Many believe that taking traditional Chinese medicine (TCM) will do a lot of good but they may be doing just the opposite. A group of researchers from University of Adelaide, Murdoch University and Curtin University reveal the shocking truth.

In a study published in Nature Scientific Reports the researchers have identified snow leopard DNA, arsenic, Viagra and other illegal substances present in the medicines. They considered 26 traditional Chinese medicines that are widely available and used in Australia. Almost 90 percent of them were not fit for consumption.

These TCMs are sold in Australian markets, mostly Adelaide, for general wellness and flu treatments. The researchers stated in the study that they used heavy metal testing, toxicology and DNA sequencing to screen the composition of the medicines.

“The most concerning finding was snow leopard DNA (snow leopards are an endangered species), which was detected in one medicine,” Professor Michael Bunce and Dr Ian Musgrave, co-authors of the study said, reports Huffington Post Australia.

Out of the 26 medicines, 14 have no listing and are not meant for commercial purpose. The rest 12 are listed by Therapeutic Goods Administration (TGA). The unlisted substances in the drugs range from illegal stimulants ephedrine, steroids and paracetamol to sildenafil, an active ingredient found in Viagra.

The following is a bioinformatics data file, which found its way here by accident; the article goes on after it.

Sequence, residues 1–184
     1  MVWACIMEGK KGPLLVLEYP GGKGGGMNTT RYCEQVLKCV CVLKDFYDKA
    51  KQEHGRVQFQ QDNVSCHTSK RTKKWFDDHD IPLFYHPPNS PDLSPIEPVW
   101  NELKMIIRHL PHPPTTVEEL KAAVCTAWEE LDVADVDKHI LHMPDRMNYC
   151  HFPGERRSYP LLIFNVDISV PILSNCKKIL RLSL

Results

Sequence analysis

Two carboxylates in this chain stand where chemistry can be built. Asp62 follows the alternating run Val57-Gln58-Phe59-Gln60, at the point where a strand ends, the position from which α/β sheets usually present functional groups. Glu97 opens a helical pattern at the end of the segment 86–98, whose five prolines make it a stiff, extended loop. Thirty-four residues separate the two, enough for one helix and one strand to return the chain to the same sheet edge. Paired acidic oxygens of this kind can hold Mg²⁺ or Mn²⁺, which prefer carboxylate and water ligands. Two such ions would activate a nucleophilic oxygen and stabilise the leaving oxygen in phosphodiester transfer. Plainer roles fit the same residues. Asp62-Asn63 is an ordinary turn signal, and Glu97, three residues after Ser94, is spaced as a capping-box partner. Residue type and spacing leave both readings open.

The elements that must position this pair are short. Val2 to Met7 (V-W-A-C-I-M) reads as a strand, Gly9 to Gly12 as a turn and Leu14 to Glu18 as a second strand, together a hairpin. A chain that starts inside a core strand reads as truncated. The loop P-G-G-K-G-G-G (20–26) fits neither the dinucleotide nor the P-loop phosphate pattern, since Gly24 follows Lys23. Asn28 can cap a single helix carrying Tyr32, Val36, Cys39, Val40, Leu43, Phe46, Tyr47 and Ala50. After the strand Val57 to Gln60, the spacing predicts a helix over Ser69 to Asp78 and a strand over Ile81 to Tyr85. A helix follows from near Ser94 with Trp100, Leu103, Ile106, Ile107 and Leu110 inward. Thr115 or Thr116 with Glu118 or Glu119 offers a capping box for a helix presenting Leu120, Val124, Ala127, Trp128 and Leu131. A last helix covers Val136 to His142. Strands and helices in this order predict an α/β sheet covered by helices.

“DNA from pit viper, frog, rat, cat and dog was also detected in several medicines,” the Chinese medicine study reveals, reports SBS.

More than 50 percent of the medicines contained alarmingly high levels of toxic metals including cadmium, lead and arsenic. Four of the 26 medicines had heavy metal dosage at least 10 times the permitted regulatory limit set by TGA Australia. One medicine contained a substance used in rat poison and a very low dosage of strychnine, a performance-enhancing drug.

Anticoagulant medicine Warfarin, used to slow down blood clotting process, was also found. Warfarin should be taken under strict medical supervision.

“Such findings are not only of concern to the consumer, but also flag the need for detailed auditing of herbal preparations prior to evaluation in clinical trials,” the authors said.

They also added that manufacturers of TCMs were exploiting the system and also criticised the regulation process for not being accountable and stringent enough. Next year, the researchers plan to test 300 traditional Chinese medicines widely-used in Australia.

However, the Federation of Chinese Medicine Society of Australia warned against over-regulation of the medicines as it would unnecessarily burden the industry and the professionals in it.

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